In Colorado the GMO-labeling initiative is called I-48, and the proposal exempts several categories of food from labeling, including alcohol. But since the law does not exempt edible marijuana, supporters fear recreational pot users will oppose the GMO-labeling initiative. Dude, this is like…really confusing.


Brazil's Beef Buyer

Brazilian beef exports are on the rise, thanks mainly to a doubling of purchases by Russia. Vladimir Putin responded to international sanctions over his meddling in the Ukraine by banning imports from Europe and the United States. That opened the door for Brazil, and the country's Association of Meat Exporters said Tuesday that beef exports rose 19% in July, and exports to Russia rose 113% compared to July of last year. Brazil exported 144,700 tonnes of beef in July, up 8.6% from a year ago.


Kansas BPI Plant to Reopen

A shuttered Kansas processing plant that produced a treated ground beef product critics dubbed "pink slime" plans to reopen next week with limited operations amid rebounding sales. Beef Products Inc. said it plans to start collecting fresh beef trimmings at its Garden City facility beginning Monday to support its current Dakota City, Nebraska production operations. The Kansas plant is the first to reopen since the company closed three of its facilities over the 2012 controversy about the meat.


Mark Your Calendars for Cowboy College

Beef Today is proud to be hosting Cowboy College on Sept. 9-10, in Omaha, Neb.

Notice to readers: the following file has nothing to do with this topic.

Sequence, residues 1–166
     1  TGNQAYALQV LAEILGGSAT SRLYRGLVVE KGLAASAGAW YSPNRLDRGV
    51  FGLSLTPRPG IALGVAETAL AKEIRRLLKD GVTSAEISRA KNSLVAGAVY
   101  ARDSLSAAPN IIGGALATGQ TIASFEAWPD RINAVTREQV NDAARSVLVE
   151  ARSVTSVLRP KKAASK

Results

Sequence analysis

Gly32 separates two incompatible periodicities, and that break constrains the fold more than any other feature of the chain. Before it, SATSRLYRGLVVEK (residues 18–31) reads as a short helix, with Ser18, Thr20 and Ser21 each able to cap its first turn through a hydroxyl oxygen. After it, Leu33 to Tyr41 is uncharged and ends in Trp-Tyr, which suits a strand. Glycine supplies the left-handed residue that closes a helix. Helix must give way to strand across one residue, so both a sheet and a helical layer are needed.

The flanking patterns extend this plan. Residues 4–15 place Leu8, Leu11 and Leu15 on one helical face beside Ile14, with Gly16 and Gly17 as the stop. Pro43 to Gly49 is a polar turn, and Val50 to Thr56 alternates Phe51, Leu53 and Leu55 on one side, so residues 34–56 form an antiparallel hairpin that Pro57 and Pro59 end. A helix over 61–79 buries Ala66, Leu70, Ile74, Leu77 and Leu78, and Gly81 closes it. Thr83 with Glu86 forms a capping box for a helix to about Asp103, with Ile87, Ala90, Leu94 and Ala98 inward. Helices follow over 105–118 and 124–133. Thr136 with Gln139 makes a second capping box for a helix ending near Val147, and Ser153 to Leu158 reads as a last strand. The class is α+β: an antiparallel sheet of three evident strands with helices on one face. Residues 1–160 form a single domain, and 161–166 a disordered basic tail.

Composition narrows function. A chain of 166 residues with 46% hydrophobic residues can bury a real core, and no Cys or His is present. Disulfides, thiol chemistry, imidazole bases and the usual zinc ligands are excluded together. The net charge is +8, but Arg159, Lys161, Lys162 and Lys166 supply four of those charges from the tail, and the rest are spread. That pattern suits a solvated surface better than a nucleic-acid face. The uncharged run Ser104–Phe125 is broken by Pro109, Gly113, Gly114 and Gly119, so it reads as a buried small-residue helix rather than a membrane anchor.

Stupid (HSUS) Pet Tricks

Aug 12, 2014

David Letterman held auditions for his "Stupid Pet Tricks" segment on CBS’ Late Show earlier this summer.

We’re wondering if Wayne Pacelle submitted an entry from the Humane Society of the United States (HSUS), because their latest stunt is worthy of national recognition. Back in May it was revealed HSUS agreed to pay $15.75 million to settle a lawsuit filed by the feds under the Racketeer Influenced and Corrupt Organizations (RICO) Act.

That was the result of a suit filed against the owners of Ringling Bros. circus who were accused of mistreating elephants. The suit fell apart when the feds uncovered a scheme where the plaintiffs (HSUS) were paying a witness and the witness lied in court. But apparently HSUS still has plenty of cash. Now we learn HSUS has been stashing money in the Cayman Islands, calling them "investments." Shady? That’s what Charity Navigator, one of the most trust-worthy charity evaluators, thinks.
 

They downgraded HSUS from a 4-star to a 3-star rating earlier, but this week they removed the rating altogether, stamping the organization with a "Donor Advisory" warning.


Baxter Black on the "ANTIs"

Baxter Black thinks most reporters are responsible people who "eat bacon and hamburgers." But he laments the fact that RFDtv – which carries U.S. Farm Report – is being dropped from some media networks that are intent on merging. That’s because "a network about agriculture is not relevant to the modern urban viewer." HSUS and other radical groups will be thrilled.


Bottled Water from Drought Zones

Much of the water Americans drink falls as snow in the Rockies, runs down the Colorado River into municipal water supplies in California, is bottled up and shipped to stores. That’s right, as much as 45% of bottled water is simply tap water, and much of that comes from companies in drought-parched California.